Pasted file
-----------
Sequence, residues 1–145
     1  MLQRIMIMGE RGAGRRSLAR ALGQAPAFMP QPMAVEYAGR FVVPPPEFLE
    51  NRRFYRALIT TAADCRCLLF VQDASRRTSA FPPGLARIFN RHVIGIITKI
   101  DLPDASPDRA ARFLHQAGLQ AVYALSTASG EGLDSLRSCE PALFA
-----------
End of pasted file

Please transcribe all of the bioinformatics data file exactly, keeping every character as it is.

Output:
Sequence, residues 1–145
     1  MLQRIMIMGE RGAGRRSLAR ALGQAPAFMP QPMAVEYAGR FVVPPPEFLE
    51  NRRFYRALIT TAADCRCLLF VQDASRRTSA FPPGLARIFN RHVIGIITKI
   101  DLPDASPDRA ARFLHQAGLQ AVYALSTASG EGLDSLRSCE PALFA